The Story Behind Bear Down
The Wildcats' battle cry of "Bear Down" comes from the dying words of a popular student-athlete. John "Button" Salmon was president of the student body, starting quarterback, and three-year catcher for the baseball team. Nicknamed for his small frame (5'8", 145 pounds) and impish good looks, he was very popular with his teammates, coach, and fellow students.
The year before his death, Salmon dazzled 30,000 Trojan fans at USC with his powerful punts and fearless defensive play. The recklessness of this hard-rock kid with the curly reddish hair inspired his teammates to nickname him "The Leaping Tuna."
Salmon was also a talented baseball catcher. In the spring of 1925 his clutch two-base hit drove in the winning run against USC. When he was elected student body president a few days later he referred to that hit as "the 200-vote double."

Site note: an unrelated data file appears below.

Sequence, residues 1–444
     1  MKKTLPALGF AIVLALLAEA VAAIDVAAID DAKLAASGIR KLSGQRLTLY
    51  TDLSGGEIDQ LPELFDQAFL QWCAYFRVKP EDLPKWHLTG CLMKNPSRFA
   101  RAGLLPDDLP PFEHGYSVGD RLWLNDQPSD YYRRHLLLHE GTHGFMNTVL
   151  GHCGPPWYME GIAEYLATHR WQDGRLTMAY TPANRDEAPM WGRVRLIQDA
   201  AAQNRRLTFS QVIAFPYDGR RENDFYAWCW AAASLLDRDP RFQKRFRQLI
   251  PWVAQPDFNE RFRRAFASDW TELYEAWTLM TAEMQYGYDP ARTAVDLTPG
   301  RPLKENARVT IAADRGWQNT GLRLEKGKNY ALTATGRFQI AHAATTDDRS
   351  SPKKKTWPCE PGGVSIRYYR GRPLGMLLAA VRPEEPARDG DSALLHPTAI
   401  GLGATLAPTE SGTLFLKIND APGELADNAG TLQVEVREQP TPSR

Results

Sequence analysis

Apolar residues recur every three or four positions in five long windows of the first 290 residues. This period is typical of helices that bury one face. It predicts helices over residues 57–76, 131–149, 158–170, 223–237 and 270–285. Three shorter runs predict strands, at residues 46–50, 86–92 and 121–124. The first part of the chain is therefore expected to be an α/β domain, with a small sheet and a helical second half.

The day after the 1926 season's opening game, Salmon was driving with three friends when he missed a treacherous curve and spun over a ravine. Although others were not seriously injured, he suffered a serious spinal cord injury and died on October 18, 1926, at St. Mary's Hospital. His final message to his teammates, given to coach McKale, who visited Salmon everyday in the hospital, was "Tell them...tell the team to bear down."
At Salmon's funeral service, a three-mile line of cars snaked from downtown Tucson to the cemetery.
A year later the student body voted to make "Bear Down" the official slogan of all Wildcat teams and in 1939 the State of Arizona issued a proclamation declaring the phrase "Bear Down" to be the sole and exclusive property of the University of Arizona.